Mindfulness is the practice of becoming intensely and intentionally aware of yourself and your surroundings in the present moment. This can be achieved in a variety of different ways and has been found to be beneficial for a number of different mental and physical health conditions.
Examples of Mindfulness
Mindfulness activities can take place in groups, alone, or as part of an individual therapy session with a practitioner. Mindfulness can involve a range of different activities, including:
- Mindful walking – walking slowly and purposefully, taking in all of the sensations of the ground underfoot, the wind blowing on your face, the warmth from the sunshine on your skin, etc.
- Guided meditation – a number of free videos on Youtube can help a person to calm their nerves, become more focused, or fall asleep
- Mindful eating – a lot of people eat on autopilot or extremely quickly, barely tasting their food. Mindful eating means slowing down and experiencing the flavors, texture, temperature, etc.
- Yoga, tai chi, qigong and other exercise modalities – most communities offer classes for these types of mindful movement, and instructional videos can also be found online.
- Mindful breathing – stopping for several minutes or more to pay attention to your breathing and how your body feels in that moment.
- Mindful listening – when someone is talking to you, pay attention to their words, their tone, and their body language, and tune out distractions.
How Mindfulness Promotes Mental Health
The American Psychological Association (APA) recommends mindfulness for patients and therapists alike, citing benefits such as:
- Improved sense of well-being
- Increased calmness, clarity, and concentration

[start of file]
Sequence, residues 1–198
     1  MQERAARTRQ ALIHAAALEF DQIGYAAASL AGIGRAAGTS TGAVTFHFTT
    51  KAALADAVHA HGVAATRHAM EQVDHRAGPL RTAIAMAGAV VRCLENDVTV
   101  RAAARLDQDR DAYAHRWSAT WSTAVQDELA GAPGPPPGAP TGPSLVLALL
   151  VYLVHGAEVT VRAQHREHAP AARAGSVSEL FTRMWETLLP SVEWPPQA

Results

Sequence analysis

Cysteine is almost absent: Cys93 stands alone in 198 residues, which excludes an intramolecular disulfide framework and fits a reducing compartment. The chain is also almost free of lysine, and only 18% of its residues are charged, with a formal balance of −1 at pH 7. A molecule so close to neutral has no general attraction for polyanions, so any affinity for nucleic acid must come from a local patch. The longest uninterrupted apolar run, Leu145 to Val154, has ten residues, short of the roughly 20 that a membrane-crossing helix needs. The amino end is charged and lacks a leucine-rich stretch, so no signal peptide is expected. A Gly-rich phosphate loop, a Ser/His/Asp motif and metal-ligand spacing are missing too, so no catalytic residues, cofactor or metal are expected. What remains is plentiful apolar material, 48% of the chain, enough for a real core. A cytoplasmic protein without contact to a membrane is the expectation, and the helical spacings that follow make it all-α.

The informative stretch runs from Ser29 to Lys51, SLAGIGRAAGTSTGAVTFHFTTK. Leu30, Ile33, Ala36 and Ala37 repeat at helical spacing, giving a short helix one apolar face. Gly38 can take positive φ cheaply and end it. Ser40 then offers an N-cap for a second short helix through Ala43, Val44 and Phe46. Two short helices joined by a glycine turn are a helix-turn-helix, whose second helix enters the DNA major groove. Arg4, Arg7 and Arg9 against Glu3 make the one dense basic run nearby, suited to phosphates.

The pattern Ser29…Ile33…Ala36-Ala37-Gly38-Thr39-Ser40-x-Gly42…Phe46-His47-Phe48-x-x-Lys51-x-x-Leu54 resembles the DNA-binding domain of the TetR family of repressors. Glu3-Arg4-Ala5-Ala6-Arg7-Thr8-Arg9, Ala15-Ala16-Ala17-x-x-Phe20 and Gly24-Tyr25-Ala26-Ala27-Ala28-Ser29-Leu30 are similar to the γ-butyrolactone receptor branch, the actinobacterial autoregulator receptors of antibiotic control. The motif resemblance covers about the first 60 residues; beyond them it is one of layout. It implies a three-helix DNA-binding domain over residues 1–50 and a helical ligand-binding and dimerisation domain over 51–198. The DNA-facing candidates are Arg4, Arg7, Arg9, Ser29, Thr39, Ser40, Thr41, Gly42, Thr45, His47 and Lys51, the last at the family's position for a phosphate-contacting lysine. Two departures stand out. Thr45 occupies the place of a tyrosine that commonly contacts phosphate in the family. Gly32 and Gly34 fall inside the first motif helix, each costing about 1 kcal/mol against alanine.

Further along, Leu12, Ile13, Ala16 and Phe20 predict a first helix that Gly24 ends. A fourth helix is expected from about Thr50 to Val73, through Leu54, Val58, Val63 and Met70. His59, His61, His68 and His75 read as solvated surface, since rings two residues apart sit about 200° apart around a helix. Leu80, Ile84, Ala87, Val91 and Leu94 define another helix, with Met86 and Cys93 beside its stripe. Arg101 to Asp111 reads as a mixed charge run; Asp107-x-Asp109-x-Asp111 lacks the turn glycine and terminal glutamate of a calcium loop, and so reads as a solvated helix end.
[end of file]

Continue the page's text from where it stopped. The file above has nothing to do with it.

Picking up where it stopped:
- Cognitive gains
- Better emotional regulation
- Fewer depressive and anxious symptoms
- Reduced stress
They also reported that therapists who practice mindfulness tend to be more compassionate, empathetic, and effective in the use of counseling skills, in addition to having a better quality of life.
Incorporating Mindfulness Into Treatment
Where other treatments, like medications and talk-based therapies, may only work for some patients and some diagnoses, mindfulness is a tool that works for a wide range of individuals. It is also compatible with various other treatment options, making it a wonderful alternative or addition to traditional treatment strategies.
While mindfulness works for a range of diagnoses, two that it is often used to treat are anxiety and depression:
- Anxiety – In my work as a crisis counselor, I frequently have clients who reach out because they are having anxiety. One of the tricks we try to get them back to a calmer state is a very simple mindfulness activity that tunes them into their senses. YouTube offers many mindfulness activities for anxiety, but this one is popular because it’s easy to memorize and can be done anywhere without anyone noticing.
- Depression – Mindfulness has been shown to be especially helpful in reducing depressive symptoms by helping the person guide themselves out of a loop of negative thinking while practicing compassion for themselves and accepting their depressed feelings as just ideas instead of facts.
All Ages & Abilities
An additional strength of mindfulness is that people of all ages, from children to elderly adults, can practice some type of mindfulness, even if the person has physical limitations, such as mobility concerns, chronic pain, or muscle weakness.
When it comes to mindfulness for children, it can be helpful to have adults model mindfulness and help children learn how to add the practice into their daily lives. This will make it easier for children to utilize the skills as they grow into adulthood. Because the brains of children are still developing, they may be uniquely suited to picking up and retaining practices related to mindfulness, which they can use for emotional regulation, focus, and cognitive control.
Older adults may be naturally more mindful as a result of their stage of life, and at least one study has correlated mindfulness with greater life satisfaction. Older adults may be more likely to choose to focus on the moment instead of the future and thus be more mindful; even so, completing mindfulness exercises can still benefit older adults.
We Are Here to Help
If you or a loved one are struggling with mental health issues, reach out to us for a consultation. Our robust treatment programs incorporate evidence-based practices and are catered to meet your specific needs.
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